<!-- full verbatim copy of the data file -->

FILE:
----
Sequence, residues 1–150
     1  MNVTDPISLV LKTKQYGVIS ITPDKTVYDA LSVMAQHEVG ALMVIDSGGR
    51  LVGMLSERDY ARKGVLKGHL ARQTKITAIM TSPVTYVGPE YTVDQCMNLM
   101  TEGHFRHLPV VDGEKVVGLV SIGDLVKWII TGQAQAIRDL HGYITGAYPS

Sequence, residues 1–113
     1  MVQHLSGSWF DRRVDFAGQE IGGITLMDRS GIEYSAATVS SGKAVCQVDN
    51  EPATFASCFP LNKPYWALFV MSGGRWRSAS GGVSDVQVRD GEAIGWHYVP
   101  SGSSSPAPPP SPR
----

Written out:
Sequence, residues 1–150
     1  MNVTDPISLV LKTKQYGVIS ITPDKTVYDA LSVMAQHEVG ALMVIDSGGR
    51  LVGMLSERDY ARKGVLKGHL ARQTKITAIM TSPVTYVGPE YTVDQCMNLM
   101  TEGHFRHLPV VDGEKVVGLV SIGDLVKWII TGQAQAIRDL HGYITGAYPS

Sequence, residues 1–113
     1  MVQHLSGSWF DRRVDFAGQE IGGITLMDRS GIEYSAATVS SGKAVCQVDN
    51  EPATFASCFP LNKPYWALFV MSGGRWRSAS GGVSDVQVRD GEAIGWHYVP
   101  SGSSSPAPPP SPR